Wearable Heart Rate Accuracy Measures Vary by Product


Understanding the accuracy of wearables can help inform better medical decisions, investigators say.

Jessilyn Dunn, PhD

Jessilyn Dunn, PhD

New findings show the accuracy of a patient’s heart rate measured by a wearable device can vary, depending on the wearer's everyday activities.

A new study from Duke University investigators highlighted the need to better understand the accuracy of wearable devices and determine how errors in measurements could affect research conclusion and inform medical decisions.

The team, led by Jessilyn Dunn, PhD, assistant professor of biomedical engineering at Duke, started the study because they were seeing evidence that indicated that wearable devices were not working as well for individuals with darker skin tones.

Because the companies that manufacture such devices don’t put out metrics about how well the technologies work across different skin tones (F1:7, F2:8, F3:10, F4: 9, F5: 9, F6:10), the team wanted to “collect evidence about how well they work and identify potential circumstances where they may not work well,” Dunn said in a statement.

Dunn and colleagues tested 6 different wearables—4 of which were commercial devices (the Apple Watch 4; Fitbit Charge 2; Garmin Vivosmart 3; and Xiaomi Midband) and 2 of which were research devices (Empatica E4 and the Biovotion)—on a group of 53 individuals. In order to achieve an accurate baseline, each participant wore an electrocardiogram patch to measure their true heart rate during each activity.

Factors included skin tone; body fat percentage; weight; height; waist circumference; and sun exposure habits.

The study included 3 phases of baseline, deep breathing, activity, washout, and a typing task. For baseline, participants sat in a comfortable position for 4 minutes. Then the individual immediately completed a deep-breathing exercise where they breathed in sync with a one-minute video. After the deep breathing, the participant did a five-minute walking activity. Heart rate was monitored to ensure the participant reached 50% of their maximum heart rate and did not exceed their maximum.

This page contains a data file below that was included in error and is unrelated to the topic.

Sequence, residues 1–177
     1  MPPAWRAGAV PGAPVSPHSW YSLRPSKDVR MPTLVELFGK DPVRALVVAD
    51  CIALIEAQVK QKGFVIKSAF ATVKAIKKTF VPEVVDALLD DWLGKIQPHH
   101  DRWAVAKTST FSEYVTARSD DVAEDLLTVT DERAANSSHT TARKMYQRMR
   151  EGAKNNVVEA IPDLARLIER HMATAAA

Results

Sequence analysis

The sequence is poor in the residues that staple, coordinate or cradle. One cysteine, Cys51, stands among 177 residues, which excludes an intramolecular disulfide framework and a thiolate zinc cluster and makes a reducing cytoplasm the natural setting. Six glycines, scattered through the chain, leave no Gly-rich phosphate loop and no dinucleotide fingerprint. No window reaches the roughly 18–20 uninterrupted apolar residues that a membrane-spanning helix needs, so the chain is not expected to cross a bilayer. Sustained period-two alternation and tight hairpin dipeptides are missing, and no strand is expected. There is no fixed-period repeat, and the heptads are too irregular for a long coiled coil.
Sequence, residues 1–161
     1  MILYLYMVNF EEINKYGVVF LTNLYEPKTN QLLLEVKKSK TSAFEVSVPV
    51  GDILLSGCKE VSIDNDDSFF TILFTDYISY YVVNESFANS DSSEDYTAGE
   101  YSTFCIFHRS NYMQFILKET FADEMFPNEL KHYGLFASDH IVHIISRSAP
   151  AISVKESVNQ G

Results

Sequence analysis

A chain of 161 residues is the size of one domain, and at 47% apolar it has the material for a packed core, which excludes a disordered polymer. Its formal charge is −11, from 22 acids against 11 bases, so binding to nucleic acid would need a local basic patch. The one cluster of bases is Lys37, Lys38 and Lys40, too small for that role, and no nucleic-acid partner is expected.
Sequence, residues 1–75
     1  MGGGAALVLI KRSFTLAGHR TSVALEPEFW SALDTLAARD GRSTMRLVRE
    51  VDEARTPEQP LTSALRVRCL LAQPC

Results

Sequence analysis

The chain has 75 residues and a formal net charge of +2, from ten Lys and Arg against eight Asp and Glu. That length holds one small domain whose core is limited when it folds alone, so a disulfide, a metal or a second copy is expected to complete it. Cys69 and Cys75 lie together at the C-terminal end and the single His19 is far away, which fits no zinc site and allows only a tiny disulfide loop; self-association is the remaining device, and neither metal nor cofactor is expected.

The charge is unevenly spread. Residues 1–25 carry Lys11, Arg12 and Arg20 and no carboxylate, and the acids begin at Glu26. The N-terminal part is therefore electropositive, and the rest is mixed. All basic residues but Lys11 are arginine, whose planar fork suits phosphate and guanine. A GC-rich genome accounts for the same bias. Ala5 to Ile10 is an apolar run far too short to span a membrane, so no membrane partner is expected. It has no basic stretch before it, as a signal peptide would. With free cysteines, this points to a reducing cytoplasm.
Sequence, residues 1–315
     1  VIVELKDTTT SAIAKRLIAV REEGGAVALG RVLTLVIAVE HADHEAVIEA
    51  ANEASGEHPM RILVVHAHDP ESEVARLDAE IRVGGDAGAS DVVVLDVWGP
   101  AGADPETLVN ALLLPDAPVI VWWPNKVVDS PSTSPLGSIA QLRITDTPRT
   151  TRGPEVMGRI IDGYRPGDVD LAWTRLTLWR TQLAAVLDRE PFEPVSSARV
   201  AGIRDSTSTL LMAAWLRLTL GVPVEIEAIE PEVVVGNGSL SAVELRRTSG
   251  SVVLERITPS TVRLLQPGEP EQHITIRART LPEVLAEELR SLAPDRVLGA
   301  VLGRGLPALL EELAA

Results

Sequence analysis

A two-minute washout period occurred prior to the typing task to ensure the heart rate returned to baseline. Participants typed on a computer keyboard for 1 minute before switched devices to begin the second phase.

During phase 1, the participant wore the Empatica E4 on the right wrist and the Apple Watch 4 on the left wrist. In phase 2, the Fitbit Charge 2 was on the left wrist, while during phase 3, the Garmin Vivosmart 3 was on the right wrist and the Xiaomi Midband 3 was on the left wrist. The Biovotion was worn on the upper right arm for all 3 phases.

At rest, individuals with FP5 skin tone had the largest mean directional error across all devices and FP1 had the lowest mean directional error (−4.25 bpm and −0.53 bpm, respectively). The darkest skin tone, FP6, had the highest mean absolute error and the second darkest tone, FP5, had the lowest at rest (10.6 bpm and 8.6 bpm, respectively). The average directional and absolute error across all groups at rest were -2.99 bpm and 9.5 bpm.

During activity, FP5 had the highest mean directional error and FP3 had the lowest (9.21 bpm and 7.21 bpm). FP4 had the highest absolute error and FP3 had the lowest (14.8 bpm and 10.1 bpm).

Skin tone was not the driver of directional or absolute error, the investigators reported.

The highest mean directional error occurred in FP5 and/or FP6 during activity in all of the devices, except for the Xiaomi Midband 3.

Consumer-grade wearable were more accurate than research wearables at rest. During rest, absolute error of consumer devices was an average of 7.2&thinsp;±&thinsp;5.4 bpm, while it was 13.9&thinsp;±&thinsp;7.8 bpm for research-grade wearables (P &thinsp;<.0125). For physical activity, the absolute error of consumer wearables was 10.2&thinsp;±&thinsp;7.5 bpm and 15.9&thinsp;±&thinsp;8.1 bpm (P &thinsp;<.0125) for research wearables.

Overall, walking tended to cause reported heart rate to be higher than true heart rate, while typing caused the reported heart rate to be lower than the true heart rate. The accuracy was better when the participants were at rest rather than performing a physical activity.

The study, “Investigating sources of inaccuracy in wearable optical heart rate sensors,” was published online in NPJ Digital Medicine.

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